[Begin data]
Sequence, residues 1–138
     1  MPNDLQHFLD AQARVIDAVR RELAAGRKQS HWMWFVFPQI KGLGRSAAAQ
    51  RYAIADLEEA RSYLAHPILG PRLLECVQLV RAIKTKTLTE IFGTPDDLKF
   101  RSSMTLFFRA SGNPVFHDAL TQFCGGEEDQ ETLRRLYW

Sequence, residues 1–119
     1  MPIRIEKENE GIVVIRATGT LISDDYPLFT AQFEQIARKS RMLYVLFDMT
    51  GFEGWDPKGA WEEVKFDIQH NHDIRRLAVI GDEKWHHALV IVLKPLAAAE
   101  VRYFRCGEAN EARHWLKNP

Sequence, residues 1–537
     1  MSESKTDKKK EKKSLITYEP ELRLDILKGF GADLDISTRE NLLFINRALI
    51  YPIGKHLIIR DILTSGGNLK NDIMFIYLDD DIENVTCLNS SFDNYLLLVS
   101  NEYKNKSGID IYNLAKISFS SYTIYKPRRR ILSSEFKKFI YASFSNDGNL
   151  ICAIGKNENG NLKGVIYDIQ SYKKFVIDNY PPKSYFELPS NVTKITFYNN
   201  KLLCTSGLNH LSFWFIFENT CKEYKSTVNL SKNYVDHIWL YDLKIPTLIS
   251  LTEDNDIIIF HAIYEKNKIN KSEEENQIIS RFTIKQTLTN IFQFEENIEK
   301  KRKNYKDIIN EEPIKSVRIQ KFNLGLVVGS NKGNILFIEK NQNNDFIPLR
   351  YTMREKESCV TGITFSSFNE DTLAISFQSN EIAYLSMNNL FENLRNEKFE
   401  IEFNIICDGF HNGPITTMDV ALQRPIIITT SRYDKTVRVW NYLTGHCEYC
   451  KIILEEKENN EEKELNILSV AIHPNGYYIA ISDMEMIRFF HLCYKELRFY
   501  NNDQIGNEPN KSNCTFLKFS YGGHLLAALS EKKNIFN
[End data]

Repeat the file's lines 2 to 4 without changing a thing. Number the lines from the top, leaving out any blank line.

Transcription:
     1  MPNDLQHFLD AQARVIDAVR RELAAGRKQS HWMWFVFPQI KGLGRSAAAQ
    51  RYAIADLEEA RSYLAHPILG PRLLECVQLV RAIKTKTLTE IFGTPDDLKF
   101  RSSMTLFFRA SGNPVFHDAL TQFCGGEEDQ ETLRRLYW